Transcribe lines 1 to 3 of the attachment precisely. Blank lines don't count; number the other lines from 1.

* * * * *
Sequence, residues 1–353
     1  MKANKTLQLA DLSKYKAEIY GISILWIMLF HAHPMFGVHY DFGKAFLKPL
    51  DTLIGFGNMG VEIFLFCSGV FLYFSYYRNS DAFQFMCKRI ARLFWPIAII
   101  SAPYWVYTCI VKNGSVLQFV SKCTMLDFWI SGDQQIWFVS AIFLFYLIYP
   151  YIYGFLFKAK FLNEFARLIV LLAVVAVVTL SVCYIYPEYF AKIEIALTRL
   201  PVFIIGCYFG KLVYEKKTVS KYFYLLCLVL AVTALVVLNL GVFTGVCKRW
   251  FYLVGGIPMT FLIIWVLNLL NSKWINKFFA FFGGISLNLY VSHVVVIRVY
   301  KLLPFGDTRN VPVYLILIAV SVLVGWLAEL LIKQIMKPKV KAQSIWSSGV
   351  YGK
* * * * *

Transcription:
Sequence, residues 1–353
     1  MKANKTLQLA DLSKYKAEIY GISILWIMLF HAHPMFGVHY DFGKAFLKPL
    51  DTLIGFGNMG VEIFLFCSGV FLYFSYYRNS DAFQFMCKRI ARLFWPIAII